So what does this mean for the 2014 elections? Certainly, events on the ground are still paramount; the campaign machines and peculiarities of candidates matter. And in low-turnout elections such as the midterms, the real weight of these demographic and religious shifts will not yet be fully felt at the ballot box. White evangelical Protestants have a strong turnout record, while non-black ethnic minorities and particularly the religiously unaffiliated are much less likely to vote. PRRI’s pre-election American Values Survey found that while two-thirds (65 percent) of white evangelical Protestants report that they were absolutely certain to vote in the November elections, less than half (45 percent) of the religiously unaffiliated report this kind of certainty. But the underlying trends indicate that at least one reason why there are a number of close elections across the South is the declining dominance of white evangelical Protestants, the most stalwart of GOP supporters.
Robert P. Jones is the CEO of the Public Religion Research Institute, a nonprofit, nonpartisan organization focusing on religion, values, and public life.

27 Things People From Rochester Must Explain To Out-Of-Towners: "Eat The Garbage"

1. Everyone In Rochester Eats Garbage And Loves It

27 Things People From Rochester Have To Explain To Out-Of-Towners
Source: Flickr user Eugene Peretz
The finest of Rochester delicacies is, without a doubt, the Garbage Plate. Take a moment and think of every cheat food you can think of. Now pile them on a platter and add Rochester hot sauce. That’s the height of comfort food that is the garbage plate.

2. In Rochester Abbott’s Custard = Summertime

27 Things People From Rochester Have To Explain To Out-Of-Towners
Source: Abbott’s Frozen Custard via Facebook
Just started juicing? Going full vegan? Paleo diet? Here comes Abbott’s to ruin all of that for you right now. Rochester loves Abbott’s not simply because of their delicious custard, but because when that open sign turns on, it means winter is finally over (probably)!

3. To Folks In Rochester Wegman’s Isn’t Simply A Grocery Store, It’s A Way Of Life

27 Things People From Rochester Have To Explain To Out-Of-Towners
What can be said about Wegman’s that hasn’t already been shouted from the mountaintops? It’s unlikely that there’s a grocery store anywhere with as strong a following. If you moved away from Rochester, it’s the first thing you miss most about the city.

4. In Rochester “The Boss” Isn’t Springsteen, It’s A Tasty Sauce That Goes On Everything

Alan: Numbers 4, 16, 17 and 23 contain video clips which are hyperlinked at

Source: Youtube user BOSSSAUCE
The commercial says it all—Boss Sauce goes on everything. You know it’s popular if it comes in a giant glass jug like the one at 0:25.
Country Sweet is an alternative, just not an acceptable one.

5. Top Three Words That Prove You’re From Out Of Town: “Soda,” “Freeway,” and “Hamburger”

27 Things People From Rochester Have To Explain To Out-Of-Towners
Source: Imgflip
Here’s the quick rundown, to try and fit in with the rest of the crowd in Rochester:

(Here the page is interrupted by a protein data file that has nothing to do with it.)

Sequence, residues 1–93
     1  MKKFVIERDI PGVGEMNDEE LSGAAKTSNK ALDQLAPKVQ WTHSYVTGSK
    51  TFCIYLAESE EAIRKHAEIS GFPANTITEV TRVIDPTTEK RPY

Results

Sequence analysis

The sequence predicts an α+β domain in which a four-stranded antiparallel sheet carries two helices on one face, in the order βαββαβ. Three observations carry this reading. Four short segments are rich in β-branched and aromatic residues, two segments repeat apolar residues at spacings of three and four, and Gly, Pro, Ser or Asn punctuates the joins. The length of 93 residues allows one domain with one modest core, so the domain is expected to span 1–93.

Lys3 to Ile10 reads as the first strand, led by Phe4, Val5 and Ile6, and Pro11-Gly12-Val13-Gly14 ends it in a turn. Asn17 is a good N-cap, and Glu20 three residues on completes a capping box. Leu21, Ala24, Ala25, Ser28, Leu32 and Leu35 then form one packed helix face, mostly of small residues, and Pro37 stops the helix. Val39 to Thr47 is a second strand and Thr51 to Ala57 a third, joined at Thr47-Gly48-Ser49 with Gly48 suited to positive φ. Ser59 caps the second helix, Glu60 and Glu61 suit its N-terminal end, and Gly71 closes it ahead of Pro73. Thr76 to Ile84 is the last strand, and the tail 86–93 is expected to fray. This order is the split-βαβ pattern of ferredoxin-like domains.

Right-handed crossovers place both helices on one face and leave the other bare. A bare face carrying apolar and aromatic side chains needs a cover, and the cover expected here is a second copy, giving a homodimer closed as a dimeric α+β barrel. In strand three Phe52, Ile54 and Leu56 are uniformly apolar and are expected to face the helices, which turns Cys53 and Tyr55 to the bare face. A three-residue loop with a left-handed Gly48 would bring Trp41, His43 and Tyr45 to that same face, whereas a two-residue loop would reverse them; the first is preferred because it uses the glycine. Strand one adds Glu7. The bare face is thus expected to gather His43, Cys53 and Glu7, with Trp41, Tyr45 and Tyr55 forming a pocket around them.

A: “Soda” is what you cook with. “Pop” is what you drink.
B: “Freeway” is some kind of West Coast atrocity. You drive on the “Expressway”
C: You might think you’re eating “Hamburger” but everyone knows its just “Ground Steak.”

6. Your Best Friend's Name Is Now Genny And She's A Beer

27 Things People From Rochester Have To Explain To Out-Of-Towners
Source: Genesee Brewery via Facebook
If you walk into any bar in Rochester and order a Bud, Keystone or Miller, you’re making a mistake. Genesee, founded and brewed right there in Ra Cha Cha makes a light beer called Genny that is every bit as good, if not way, way better than the industry big dogs.

7. Two Feet Of Snow? 45 Degrees? Hooray, It’s Rochester Shorts Weather!

27 Things People From Rochester Have To Explain To Out-Of-Towners
Source: Flickr user Nazareth College
The fact that Rochestarians actually take to the icy streets wearing essentially beach gear actually makes sense when you consider people in Milwaukee and Chicago were doing the same thing right after the Polar Vortex passed. But that was just one year. Rochester pulls this stunt every winter—now that’s hardy.

8. Let’s Be Real, You Were Probably Wearing The Shorts Underneath Your Winter Coat

27 Things People From Rochester Have To Explain To Out-Of-Towners
Source: Quickmeme
Rochestarians also know to be ready for anything, weather-wise. Sure, it looks like it’s going to be a balmy 70 degrees today, but when you’ve lived here long enough you know that you’ll want to pack a some snow pants and a parka, just in case.

9. What’s The Best Pie Filling? Cherries, No. Peaches, No. Grapes—Can We Have Seconds?

27 Things People From Rochester Have To Explain To Out-Of-Towners
Source: Flickr user K. B. R.
Fall means pumpkin spice to the rest of the country, but here in upstate New York, just a stone’s throw from Naples where the Greatest Grape Pie in the World is judged annually, the sweet smell of sugary Concord grapes is what really gets folks Instagrammin’.

10. The Phrase “White Hot” Makes Folks In Rochester Drool

27 Things People From Rochester Have To Explain To Out-Of-Towners
Source: Wikimedia Commons
The white hot is the premier sausage of Upstate New York, and it got its start in Rochester. Made from quality cut meats, it’s rare for a Rochesterian to have a white hot with just a bun—they prefer them on their garbage plates.

11. If Your Buddy Just Drove Through The Can Of Worms, Get ‘Em A Stiff Drink